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Floyd Rose Factory Setup From Scratch...

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hey all,

i own a fernandes revolver pro 7. it's the long discontinued 7 string model with a floyd rose bridge. i definitely want to keep the FR, but the last time i changed stings, i made a HUGE mess of things by makign all sorts of unnecessary adjustments to the bridge. now the action is severely limited - no possibility of major whammy bar wankery, extreme effects etc. also, intonation is shot to hell, and needs immediate attention.

so i'm looking for a tutorial or something that could guide me through setting up an FR bridge from scratch - like for a new build. the reason i''m asking for advice here is that i live in india and don't particularly want to go to the self-professed "luthiers" here. i'd rather do it myself then, there is a serious lack of experience regarding FR bridges, especially 7 string ones.

how much of a difference would the low B make in the setup process?

thannks in advance for any hints and tips!

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Honestly, a low B really does not make much difference in setup other than it adds one string. I don't know of an online tutorial for setup, but this is what I generally do.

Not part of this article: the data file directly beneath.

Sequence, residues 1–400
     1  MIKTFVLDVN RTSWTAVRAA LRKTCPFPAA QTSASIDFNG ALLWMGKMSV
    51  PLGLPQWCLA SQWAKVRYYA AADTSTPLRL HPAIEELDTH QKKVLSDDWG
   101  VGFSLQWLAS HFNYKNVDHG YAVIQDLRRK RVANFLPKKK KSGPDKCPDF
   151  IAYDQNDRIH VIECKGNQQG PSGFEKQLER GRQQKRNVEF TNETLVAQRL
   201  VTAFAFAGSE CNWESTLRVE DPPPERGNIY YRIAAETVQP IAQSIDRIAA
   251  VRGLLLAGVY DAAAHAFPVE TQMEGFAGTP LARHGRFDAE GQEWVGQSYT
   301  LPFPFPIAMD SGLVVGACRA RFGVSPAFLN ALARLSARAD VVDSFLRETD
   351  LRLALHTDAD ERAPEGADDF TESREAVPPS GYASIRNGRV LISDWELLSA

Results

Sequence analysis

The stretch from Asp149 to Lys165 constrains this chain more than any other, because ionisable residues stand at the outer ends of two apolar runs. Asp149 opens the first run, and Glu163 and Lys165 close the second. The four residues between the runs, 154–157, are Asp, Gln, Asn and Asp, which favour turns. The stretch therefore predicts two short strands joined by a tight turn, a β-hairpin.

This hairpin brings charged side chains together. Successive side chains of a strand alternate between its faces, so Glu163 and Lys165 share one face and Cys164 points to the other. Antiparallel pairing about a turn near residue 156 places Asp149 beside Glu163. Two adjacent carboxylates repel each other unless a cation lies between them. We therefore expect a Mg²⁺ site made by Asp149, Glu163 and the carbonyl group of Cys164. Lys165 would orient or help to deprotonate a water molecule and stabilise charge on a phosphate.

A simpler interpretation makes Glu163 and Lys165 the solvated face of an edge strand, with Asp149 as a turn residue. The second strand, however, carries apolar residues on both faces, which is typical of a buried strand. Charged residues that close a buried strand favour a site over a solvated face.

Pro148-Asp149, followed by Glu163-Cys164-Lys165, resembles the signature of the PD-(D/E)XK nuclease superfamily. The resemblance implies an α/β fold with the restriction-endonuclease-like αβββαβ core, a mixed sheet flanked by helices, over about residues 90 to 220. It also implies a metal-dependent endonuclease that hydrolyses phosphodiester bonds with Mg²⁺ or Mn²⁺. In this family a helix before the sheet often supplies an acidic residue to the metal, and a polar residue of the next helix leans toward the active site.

1. Eyeball the saddle locations for intonation first, usually high e is close to all the way foreward, low E/B is all the way back, everything else kinda tapers along that general line except the G. If anything, make the saddle a little extra flat, because it's easier to adjust sharp/forward w/ string tension on there.

2. get the springs connected to the bridge block and claw in the pattern you want

3. install the strings and do an approximate tune to pitch. You will do this many times in searching for equilibrium

4. Watch the bridge and how it sits... if it is level as you approach pitch, you're in good shape, if it sits low, back off the screws for the spring claw. If it sits high, tighten the screws or add springs. You will have to check pitch and adjust, many times in the search for equilibrium.

5. Once you reach equilibrium (where you are at correct pitch and the bridge sits level) you can adjust the action with the posts. Check pitch again every time you adjust.

6. Check the intonation. Reduce string tension to make the adjustment and then tune back to pitch. Do this one string at a time.

7. Once you are done, check everything again.

The rule of physics "for every action, there is an equal and opposite reaction" was written for floyd's. They are tedious to set up because every adjustment changes something else, but once you reach the equilibrium, they work very well and need little to no extra attention.

When I do setup a floyd, I also make it a point to take the whole thing apart and clean it really well. They attract alot of gunk and oil and grime from your hands and such. I also lubricate everything, a light machine oil will work, but I prefer Militec which is a synthetic lubricant used for weapons. It generally bonds to the metal and you can wipe off the excess so there is enough to lubricate, but not enough to attract grime.

I hope that helps.

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  • 1 month later...